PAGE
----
Happy 25th Anniversary to Ultramagnetic MCs’ third studio album The Four Horsemen, originally released August 10, 1993.
In the beginning of “Bring It Down to Earth,” a track that appears a little over half-way through Ultramagnetic MCs’ The Four Horsemen, rapper “Kool Keith” Thornton proclaims, “It’s time to come out and give the people something they can understand! Something not too complicated!” However, barely ten seconds later, Keith is kicking about as convoluted a verse as had been recorded at the time, rapping, “Get with the elements, eloquent spacecraft / Change my gamma flow, 1-3-8-7 / 20-0-9-6, serial silver seven / I got the skills to rap, so what you want Spock? / Style like Captain Kirk, gamma ray one block.”
“Bring it Down to Earth” pretty much typifies The Four Horsemen, the Ultramagnetic MCs’ third album, released 25 years ago. Kool Keith and Cedric “Ced Gee” Miller kick nearly impenetrable lyrics loaded with references to science fiction and “space Elroy shit,” over a swirling, intense musical soundscape. Though many a rapper on the underground hip-hop scene from the ’90s and ’00s list Critical Beatdown, the group’s first album, as an influence, The Four Horsemen is the prototype for the “modern” left-of-center hip-hop release, a dense gem featuring hip-hop for the advanced listener.
Made up of Kool Keith, Ced Gee, producer/rapper Trevor “TR Love” Randolph, and DJ/producer Maurice “DJ Moe Luv” Smith, Ultramagnetic MCs are abstract hip-hop icons. The Bronx based crew hit the hip-hop scene in the mid ’80s, releasing a spacey, bugged out version of hip-hop that seemed almost alien at the time. The aforementioned Critical Beatdown is one of the best albums of the era and has achieved a strong cult following over the years.
The Four Horsemen was released a little over a year after the release of Funk Your Head Up, a critically maligned but truthfully solid sophomore album by the group. In 1992, the group had released the album through Polygram Records, which really wasn’t a get fit. A good chunk of the album had the classic Ultramagnetic sound, but there were also somewhat embarrassing stabs at pop appeal and radio friendly offerings that didn’t work at all. After poor sales, the group signed with Wild Pitch Records, a label known for its quality product but shady business dealings. At the time, the label was being steered by MC Serch, who had come up in the same ’80s club scene as the crew. For The Four Horsemen, the label let Ultramagnetic be as weird and esoteric as they wanted to be.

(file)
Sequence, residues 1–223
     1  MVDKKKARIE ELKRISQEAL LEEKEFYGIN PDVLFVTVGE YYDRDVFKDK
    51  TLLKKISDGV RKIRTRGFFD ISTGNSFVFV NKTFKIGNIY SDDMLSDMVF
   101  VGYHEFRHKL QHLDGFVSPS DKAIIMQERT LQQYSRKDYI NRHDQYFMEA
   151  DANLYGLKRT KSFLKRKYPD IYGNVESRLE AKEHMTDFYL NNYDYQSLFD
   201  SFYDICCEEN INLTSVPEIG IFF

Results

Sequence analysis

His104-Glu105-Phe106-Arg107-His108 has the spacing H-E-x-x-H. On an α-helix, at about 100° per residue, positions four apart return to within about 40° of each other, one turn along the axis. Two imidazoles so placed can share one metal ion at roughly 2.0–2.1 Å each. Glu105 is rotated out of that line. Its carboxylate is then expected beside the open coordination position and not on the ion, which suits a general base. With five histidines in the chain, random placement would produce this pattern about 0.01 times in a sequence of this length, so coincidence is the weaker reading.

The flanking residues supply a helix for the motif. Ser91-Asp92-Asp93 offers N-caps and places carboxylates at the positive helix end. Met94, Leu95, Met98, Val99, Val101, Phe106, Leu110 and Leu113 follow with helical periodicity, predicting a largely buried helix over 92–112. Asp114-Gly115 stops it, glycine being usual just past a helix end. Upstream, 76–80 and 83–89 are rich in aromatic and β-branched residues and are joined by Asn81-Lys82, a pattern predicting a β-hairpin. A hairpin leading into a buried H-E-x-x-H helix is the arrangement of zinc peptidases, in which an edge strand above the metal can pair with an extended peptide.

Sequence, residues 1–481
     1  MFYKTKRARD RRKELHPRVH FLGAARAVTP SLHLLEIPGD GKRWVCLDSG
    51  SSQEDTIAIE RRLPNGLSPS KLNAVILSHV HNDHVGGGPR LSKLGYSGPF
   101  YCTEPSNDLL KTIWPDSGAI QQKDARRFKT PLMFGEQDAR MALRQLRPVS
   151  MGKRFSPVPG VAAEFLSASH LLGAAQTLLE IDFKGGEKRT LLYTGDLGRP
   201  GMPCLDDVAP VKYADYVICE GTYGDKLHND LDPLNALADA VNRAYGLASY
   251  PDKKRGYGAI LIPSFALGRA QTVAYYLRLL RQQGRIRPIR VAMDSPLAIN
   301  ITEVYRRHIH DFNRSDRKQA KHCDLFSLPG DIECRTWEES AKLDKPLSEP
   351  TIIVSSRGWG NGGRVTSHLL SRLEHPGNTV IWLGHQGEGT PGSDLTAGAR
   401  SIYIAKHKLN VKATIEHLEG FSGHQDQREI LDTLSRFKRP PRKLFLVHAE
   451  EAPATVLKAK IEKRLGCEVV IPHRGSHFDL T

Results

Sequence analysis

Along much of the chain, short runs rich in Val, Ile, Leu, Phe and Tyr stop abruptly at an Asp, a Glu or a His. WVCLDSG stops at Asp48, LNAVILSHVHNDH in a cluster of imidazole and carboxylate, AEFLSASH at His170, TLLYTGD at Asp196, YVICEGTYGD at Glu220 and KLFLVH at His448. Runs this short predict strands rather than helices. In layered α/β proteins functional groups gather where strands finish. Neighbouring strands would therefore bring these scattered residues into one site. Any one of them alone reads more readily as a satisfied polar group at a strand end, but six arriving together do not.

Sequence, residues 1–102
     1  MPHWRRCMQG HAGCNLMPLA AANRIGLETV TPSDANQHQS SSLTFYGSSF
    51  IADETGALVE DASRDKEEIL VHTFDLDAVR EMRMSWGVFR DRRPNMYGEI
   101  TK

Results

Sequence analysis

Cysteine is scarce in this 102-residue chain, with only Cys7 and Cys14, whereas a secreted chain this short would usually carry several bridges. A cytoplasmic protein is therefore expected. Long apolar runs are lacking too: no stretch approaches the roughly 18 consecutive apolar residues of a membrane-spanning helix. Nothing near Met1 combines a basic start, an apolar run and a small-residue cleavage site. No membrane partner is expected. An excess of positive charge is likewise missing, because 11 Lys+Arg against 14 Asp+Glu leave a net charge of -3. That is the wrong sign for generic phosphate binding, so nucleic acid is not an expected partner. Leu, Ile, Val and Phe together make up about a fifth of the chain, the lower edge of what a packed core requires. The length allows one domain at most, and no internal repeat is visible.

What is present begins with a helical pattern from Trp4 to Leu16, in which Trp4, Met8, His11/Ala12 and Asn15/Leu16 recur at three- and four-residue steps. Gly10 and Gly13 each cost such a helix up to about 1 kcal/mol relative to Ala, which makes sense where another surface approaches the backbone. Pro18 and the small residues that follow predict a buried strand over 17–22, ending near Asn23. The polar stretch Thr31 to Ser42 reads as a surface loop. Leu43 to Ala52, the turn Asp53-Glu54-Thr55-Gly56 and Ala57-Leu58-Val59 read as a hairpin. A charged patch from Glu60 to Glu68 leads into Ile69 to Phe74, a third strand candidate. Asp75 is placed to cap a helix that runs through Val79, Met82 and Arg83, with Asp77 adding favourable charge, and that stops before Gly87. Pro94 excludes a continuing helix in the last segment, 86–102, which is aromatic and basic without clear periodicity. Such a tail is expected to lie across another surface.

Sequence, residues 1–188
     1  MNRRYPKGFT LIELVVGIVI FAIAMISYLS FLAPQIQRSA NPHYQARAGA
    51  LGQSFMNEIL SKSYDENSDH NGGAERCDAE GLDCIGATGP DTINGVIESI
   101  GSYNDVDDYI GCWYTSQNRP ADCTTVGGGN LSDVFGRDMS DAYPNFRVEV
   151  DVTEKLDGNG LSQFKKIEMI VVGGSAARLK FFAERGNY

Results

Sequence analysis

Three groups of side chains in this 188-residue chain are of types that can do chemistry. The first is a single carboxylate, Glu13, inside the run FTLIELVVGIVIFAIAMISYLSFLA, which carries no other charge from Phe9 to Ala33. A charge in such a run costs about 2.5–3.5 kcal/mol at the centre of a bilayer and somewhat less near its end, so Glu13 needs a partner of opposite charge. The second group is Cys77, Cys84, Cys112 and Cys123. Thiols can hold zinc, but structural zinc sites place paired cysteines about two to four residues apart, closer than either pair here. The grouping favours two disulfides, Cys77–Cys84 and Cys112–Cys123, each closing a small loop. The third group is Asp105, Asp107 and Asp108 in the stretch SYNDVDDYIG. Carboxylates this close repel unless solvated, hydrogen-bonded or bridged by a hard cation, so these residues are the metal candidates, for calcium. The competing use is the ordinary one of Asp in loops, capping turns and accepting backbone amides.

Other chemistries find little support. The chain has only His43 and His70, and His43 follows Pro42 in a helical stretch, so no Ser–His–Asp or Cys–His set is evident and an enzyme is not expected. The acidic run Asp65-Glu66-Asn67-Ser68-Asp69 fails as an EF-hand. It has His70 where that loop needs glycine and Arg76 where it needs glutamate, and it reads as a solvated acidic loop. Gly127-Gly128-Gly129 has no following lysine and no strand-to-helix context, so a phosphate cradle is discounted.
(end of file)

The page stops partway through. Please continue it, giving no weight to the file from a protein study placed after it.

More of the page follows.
The album begins with “We Are the Horsemen,” a laid-back ode to space exploration. The group fashions themselves as the hip-hop, all-male version of the Robinson family, searching the cosmos for lost worlds. Even when rapping a slow vibe and horn-based loop, the pair of emcees keep the references incredibly obscure and the rhymes practically unstructured, with Keith rhyming in a stream of seeming non-sequiturs: “I kick lyrics on Earth, you think I’m cosmic / A spacewalker, dipping in my spacecraft / Through molecules, a steel wall interphase / The Fourth Horseman, legendary universe / Dark shadow human rhyming on a funky verse.”
“Two Brothers With Checks (San Francisco, Harvey),” the album’s first single, is one of the most leftfield songs to ever receive a video and push. The beat features layered trumpets and vocals, as well as the hard-hitting Skull Snaps drums and funk filled percussion. In terms of subject matter, Ced and Keith are waaaaaaay off in the weeds, filling their rhymes with references to sci-fi TV shows and their favorite (mostly) New York-based baseball players from the 1970s. To my knowledge, this is the only song that name checks Don Hahn, Thurman Munson, and Ray Fosse. The song’s chorus remains as nonsensical today as it did a quarter of a century ago.
“Two Brothers With Checks” touches on Ultramagnetic’s other obsession throughout The Four Horsemen: America’s pastime. They demonstrate that their love of baseball goes beyond the name drops, as they conduct an in-depth history lesson on the Negro Leagues during their 1930s and 1940s hey-day on “The Saga of Dandy, The Devil and Day.” Unlike the streams of abstract thought they kick throughout most of The Four Horsemen, here Ced and Keith present a lucid and detailed description of baseball’s segregated period.
Pre-dating Ken Burns’ Baseball docu-series by at least a year, Keith and Ced praise the accomplishments of players like Satchel Paige, Cool Poppa Bell, Double Duty, and the Thunder Twins on the Godfather Don-produced track, while trying to capture the experience of watching the game on a summer’s day. They further advocate for the construction of a Hall of Fame to commemorate the impact that the Negro Leagues had on the game and the baseball-loving population.
Godfather Don lends his production talents to three other tracks on The Four Horsemen, including the album’s second single “Raise It Up.” The song, one of the album’s highlights, is as close as the group gets to recording a traditional mid-’90s boom bap track. Over a freaked snippet of Bob James’ “Nautilus,” Ced, Keith, and Don all rhyme about the group elevating their style, content, and consciousness, leaving behind the group’s previous efforts. As Keith raps, “They say, ‘Yo, Keith, you Kool, you using big words / I went to college, I'm even more stupid-er / Back on the scene to put a lesson out / Even if I have to pull a black Smith and Wesson out.” Meanwhile, Ced explains the group’s creative process while rapping, “Creating a fusion, of sampling hits / We all came down just to be distinctive / Some rappers complex, but they can’t see the music / We show orchestration, and with funky prevention / It was different and Black, and it caused devastation.”